For specific education levels and types, the degree of the sophistication of competence development in EE is built along a similar timeframe in these three types of models, but they differ in regard to the education levels and types that the EE is to cover. For example, while the Nordic model focuses on the first nine years of general education in three stages, the Danish model covers the entire education spectrum across four levels and one type of education (vocational education). The UK model highlights three stages (primary, secondary, and higher education) plus vocational education, and it ties each education level and type to a specific learning orientation (i.e., child-, subject-, skills-, and discipline-centered). The USA model associates education stages with learner-centered themes (job- and business-related competence levels) that gradually become more complex but does not directly link these themes to different education levels since this is not the primary aim of this competence model [34]. Yet, the authors of the USA model suggest that the "basic" stage should be introduced in primary, middle, or high school and that the timing of the subsequent stages should be established depending on when the "basic" stage is introduced. The EU model is based on eight proficiency levels that establish a reference point for the development of competencies and provide a structure for users of the model to understand learning outcomes. Understanding and enhancing the proficiency levels can make applying the model more effective so as to achieve a greater impact through value-creating activities [37]. However, the model should be used with caution since the eight proficiency levels that are used to describe the competence development are not necessarily directly related to specific education levels but rather apply to all kinds of learning contexts. Connecting the outcomes shown in Table 2 with those in Tables 1 and 4, it is fair to say that the observed competence models are related to the EE contexts for which they were created.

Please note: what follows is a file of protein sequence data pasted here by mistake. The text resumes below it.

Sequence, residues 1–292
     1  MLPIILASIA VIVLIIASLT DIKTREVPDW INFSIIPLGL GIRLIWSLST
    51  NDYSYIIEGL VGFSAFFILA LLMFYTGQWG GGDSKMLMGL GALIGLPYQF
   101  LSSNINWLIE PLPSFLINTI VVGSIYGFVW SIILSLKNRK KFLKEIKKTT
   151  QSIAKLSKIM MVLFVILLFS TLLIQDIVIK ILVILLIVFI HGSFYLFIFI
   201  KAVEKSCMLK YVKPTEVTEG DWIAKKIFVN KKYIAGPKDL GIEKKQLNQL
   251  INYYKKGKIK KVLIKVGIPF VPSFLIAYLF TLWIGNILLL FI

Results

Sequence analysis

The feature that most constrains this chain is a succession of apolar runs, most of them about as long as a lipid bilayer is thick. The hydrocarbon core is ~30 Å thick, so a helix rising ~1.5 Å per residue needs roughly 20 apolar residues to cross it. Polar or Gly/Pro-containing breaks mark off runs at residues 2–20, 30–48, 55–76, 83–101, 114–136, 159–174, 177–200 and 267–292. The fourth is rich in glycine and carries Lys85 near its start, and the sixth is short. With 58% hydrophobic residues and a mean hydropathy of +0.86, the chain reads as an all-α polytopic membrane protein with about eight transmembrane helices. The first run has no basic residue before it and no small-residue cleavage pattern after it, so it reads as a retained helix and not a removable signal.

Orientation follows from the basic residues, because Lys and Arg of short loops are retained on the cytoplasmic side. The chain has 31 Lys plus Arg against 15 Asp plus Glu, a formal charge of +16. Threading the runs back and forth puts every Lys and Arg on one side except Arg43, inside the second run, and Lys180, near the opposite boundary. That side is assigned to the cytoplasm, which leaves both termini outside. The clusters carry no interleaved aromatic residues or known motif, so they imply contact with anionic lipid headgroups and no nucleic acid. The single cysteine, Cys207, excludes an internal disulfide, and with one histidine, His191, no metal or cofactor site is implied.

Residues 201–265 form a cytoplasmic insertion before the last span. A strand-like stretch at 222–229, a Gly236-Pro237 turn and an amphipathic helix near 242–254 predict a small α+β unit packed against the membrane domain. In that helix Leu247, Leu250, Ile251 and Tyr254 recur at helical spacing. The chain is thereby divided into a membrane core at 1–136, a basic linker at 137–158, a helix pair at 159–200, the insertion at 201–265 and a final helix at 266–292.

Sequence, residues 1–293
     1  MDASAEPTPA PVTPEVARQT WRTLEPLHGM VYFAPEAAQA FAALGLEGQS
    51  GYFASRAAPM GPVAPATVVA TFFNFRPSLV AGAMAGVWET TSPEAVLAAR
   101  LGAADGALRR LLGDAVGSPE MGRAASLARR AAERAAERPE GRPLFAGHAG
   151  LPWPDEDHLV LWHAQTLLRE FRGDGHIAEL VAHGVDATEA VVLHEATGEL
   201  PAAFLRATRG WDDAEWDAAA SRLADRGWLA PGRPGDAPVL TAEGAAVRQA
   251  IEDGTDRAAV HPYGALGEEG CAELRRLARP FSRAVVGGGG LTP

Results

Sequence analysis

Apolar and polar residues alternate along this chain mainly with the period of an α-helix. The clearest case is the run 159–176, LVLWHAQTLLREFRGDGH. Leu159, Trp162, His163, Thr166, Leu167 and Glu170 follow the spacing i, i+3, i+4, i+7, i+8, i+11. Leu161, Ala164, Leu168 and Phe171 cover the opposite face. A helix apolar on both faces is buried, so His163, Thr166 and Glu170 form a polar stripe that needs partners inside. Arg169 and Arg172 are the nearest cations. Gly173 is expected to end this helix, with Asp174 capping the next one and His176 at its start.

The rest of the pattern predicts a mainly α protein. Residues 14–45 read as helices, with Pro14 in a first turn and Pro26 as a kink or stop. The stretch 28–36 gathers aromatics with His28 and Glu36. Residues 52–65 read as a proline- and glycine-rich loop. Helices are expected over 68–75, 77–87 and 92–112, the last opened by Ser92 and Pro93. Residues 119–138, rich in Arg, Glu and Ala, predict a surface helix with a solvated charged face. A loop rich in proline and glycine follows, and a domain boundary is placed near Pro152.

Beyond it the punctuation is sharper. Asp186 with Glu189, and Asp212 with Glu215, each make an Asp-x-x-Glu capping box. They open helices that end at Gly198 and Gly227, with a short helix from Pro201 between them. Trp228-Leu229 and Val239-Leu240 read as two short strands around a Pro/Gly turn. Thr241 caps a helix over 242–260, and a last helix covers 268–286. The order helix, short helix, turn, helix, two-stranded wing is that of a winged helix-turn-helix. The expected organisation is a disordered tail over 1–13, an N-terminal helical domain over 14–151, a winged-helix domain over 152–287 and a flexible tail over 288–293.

Based on the analysis for the three preceding research questions, we suggest that when the main aim and definition of EE as well as the competence development stages are defined and developed in light of their education context, the application of the model within the education system is more likely to be accepted. This includes appropriately establishing the progression of the entrepreneurial competencies by considering the current and prospective competence levels of the learners.

4.4. What Are the Entrepreneurial Competencies Listed in the EE Competence Models? As highlighted in Table 5, we found 19 common entrepreneurial competencies described in all five models, such as responsibility and creativity, opportunity recognition and exploitation, teamwork, and management skills in a business context. This analysis is valuable, since it helps to map the most important competencies related to entrepreneurship competence.